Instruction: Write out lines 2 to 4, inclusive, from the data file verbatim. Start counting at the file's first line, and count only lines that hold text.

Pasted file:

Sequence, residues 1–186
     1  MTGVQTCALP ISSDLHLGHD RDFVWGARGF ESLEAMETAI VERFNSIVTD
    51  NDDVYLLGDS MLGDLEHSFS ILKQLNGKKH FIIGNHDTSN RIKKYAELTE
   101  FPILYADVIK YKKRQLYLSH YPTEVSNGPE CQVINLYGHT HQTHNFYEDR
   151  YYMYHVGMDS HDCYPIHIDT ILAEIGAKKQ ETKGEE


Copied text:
     1  MTGVQTCALP ISSDLHLGHD RDFVWGARGF ESLEAMETAI VERFNSIVTD
    51  NDDVYLLGDS MLGDLEHSFS ILKQLNGKKH FIIGNHDTSN RIKKYAELTE
   101  FPILYADVIK YKKRQLYLSH YPTEVSNGPE CQVINLYGHT HQTHNFYEDR